The formula which is often attributed to de Polignac gives \phi(p, n), the number of factors p in the prime factorization of n!.

where S_{p} is the sum of p-digits of n, i.e., the sum of the digits in the representation of n in base p.

The first equality is straightforward. There are \lfloor n/p\rfloor numbers below n, that are divisible by p. Among these, there are numbers that are divisible by p^{2} and which contribute additional factors of p. There are \lfloor n/p^{2}\rfloor such numbers. Among these there are numbers that are divisible by p^{3} and which contribute an additional factor of p each. There are \lfloor n/p^{3}\rfloor such numbers. The process will continue until we meet the largest power of p that still divides n after which all terms in the sum become 0, so that the sum is in fact finite.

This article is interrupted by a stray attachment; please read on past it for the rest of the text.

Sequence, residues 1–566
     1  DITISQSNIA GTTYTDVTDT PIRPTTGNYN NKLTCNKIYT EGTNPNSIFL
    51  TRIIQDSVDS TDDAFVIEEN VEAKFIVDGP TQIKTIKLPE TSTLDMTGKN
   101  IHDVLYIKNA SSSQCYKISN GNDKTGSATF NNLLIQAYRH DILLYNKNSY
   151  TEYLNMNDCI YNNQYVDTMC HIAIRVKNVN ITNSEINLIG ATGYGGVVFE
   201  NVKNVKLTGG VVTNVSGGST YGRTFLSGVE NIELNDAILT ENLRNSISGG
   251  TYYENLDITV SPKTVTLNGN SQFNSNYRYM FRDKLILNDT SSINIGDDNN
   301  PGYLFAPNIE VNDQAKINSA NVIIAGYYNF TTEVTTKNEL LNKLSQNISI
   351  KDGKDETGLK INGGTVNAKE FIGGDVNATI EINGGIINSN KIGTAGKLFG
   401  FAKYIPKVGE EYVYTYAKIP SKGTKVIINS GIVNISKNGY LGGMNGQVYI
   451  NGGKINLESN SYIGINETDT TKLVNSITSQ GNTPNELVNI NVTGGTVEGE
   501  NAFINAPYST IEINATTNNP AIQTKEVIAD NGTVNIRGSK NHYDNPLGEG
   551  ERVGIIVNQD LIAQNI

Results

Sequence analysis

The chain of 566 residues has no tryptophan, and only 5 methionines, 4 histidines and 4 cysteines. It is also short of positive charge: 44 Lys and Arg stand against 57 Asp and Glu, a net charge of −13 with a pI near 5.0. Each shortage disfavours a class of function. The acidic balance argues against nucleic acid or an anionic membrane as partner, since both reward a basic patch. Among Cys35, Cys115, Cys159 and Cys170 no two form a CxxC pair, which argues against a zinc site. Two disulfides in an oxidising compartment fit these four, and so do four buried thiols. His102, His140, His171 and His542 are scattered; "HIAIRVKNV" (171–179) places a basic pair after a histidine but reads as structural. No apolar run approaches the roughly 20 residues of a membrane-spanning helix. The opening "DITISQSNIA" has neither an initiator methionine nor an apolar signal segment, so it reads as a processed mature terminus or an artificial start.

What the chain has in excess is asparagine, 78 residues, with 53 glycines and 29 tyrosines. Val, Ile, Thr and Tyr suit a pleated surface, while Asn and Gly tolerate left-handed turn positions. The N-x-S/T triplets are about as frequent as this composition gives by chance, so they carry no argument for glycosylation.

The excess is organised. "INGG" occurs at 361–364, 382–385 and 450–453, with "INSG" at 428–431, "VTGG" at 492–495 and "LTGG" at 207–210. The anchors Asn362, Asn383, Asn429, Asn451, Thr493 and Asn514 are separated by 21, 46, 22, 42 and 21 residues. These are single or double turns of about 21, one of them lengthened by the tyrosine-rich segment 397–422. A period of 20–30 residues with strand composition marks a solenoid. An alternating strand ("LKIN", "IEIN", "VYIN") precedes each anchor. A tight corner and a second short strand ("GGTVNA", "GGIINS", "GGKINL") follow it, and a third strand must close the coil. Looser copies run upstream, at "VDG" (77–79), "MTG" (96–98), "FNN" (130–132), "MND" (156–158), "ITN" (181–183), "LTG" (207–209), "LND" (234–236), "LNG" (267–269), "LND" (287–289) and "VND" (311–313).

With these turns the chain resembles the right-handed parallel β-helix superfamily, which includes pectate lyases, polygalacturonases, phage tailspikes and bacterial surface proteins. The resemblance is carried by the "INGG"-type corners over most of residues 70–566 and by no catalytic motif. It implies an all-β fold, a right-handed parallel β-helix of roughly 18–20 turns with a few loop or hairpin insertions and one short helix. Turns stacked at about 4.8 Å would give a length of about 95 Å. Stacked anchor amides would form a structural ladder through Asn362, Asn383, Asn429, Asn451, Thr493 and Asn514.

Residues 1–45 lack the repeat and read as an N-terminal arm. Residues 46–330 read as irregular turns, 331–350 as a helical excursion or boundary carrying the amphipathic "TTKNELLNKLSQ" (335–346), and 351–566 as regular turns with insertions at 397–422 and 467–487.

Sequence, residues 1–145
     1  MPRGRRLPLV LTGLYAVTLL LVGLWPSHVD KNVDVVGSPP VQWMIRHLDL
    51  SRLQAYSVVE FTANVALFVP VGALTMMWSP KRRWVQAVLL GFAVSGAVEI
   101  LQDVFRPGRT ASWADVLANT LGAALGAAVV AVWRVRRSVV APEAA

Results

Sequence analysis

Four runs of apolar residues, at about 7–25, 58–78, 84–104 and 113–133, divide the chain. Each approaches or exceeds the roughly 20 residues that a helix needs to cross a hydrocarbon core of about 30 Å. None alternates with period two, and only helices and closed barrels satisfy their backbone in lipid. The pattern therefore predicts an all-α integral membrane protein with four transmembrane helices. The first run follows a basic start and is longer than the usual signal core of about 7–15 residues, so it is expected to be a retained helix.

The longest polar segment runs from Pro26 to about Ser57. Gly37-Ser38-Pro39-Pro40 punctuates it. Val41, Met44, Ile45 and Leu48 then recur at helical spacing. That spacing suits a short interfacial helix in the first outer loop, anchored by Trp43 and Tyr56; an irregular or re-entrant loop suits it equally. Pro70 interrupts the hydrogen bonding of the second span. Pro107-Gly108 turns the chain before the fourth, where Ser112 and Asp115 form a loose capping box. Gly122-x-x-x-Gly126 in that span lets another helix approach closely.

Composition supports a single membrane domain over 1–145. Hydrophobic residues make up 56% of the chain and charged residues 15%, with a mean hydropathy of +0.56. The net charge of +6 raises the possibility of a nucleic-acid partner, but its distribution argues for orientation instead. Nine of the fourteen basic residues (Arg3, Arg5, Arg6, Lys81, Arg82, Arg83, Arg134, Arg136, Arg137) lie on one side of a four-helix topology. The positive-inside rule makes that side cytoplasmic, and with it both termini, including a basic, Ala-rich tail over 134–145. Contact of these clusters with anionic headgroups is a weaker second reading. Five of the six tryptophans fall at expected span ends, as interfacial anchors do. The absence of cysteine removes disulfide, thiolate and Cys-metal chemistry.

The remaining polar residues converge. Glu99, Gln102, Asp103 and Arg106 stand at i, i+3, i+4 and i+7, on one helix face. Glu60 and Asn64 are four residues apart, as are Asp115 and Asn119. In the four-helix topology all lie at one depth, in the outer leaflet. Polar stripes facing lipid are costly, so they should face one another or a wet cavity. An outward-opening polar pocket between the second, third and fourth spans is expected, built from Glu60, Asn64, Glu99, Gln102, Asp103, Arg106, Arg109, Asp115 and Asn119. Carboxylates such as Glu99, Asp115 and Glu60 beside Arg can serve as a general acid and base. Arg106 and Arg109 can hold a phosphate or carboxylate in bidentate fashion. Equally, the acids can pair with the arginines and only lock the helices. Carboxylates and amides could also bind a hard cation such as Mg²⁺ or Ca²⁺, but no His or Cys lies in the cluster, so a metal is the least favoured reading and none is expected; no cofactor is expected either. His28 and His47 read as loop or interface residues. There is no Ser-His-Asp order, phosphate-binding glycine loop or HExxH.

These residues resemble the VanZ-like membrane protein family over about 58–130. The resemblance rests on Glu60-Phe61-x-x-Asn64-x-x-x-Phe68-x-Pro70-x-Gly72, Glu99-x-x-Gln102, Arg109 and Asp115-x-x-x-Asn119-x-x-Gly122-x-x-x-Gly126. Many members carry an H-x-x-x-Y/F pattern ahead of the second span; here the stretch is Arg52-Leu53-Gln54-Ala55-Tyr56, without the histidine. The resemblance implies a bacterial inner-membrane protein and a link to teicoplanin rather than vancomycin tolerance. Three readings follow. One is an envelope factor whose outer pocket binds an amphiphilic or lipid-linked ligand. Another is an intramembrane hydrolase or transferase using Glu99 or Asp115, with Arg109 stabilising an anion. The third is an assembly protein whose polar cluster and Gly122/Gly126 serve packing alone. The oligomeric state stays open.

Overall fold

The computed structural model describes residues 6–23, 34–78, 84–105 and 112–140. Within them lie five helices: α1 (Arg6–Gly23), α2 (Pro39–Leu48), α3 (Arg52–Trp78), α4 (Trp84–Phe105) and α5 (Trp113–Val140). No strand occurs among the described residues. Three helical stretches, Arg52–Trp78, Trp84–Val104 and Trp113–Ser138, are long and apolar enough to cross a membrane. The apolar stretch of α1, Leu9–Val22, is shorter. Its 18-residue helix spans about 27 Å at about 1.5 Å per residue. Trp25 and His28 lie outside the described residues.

For the second equality we need the expansion of n in base p. Let

Note that

Returning to the sum,

* *

which completes the proof.

Interestingly, Legendre's formula has been recently used to prove the infinitude of primes.

(There is a little more detailed derivation and several application of the theorem.)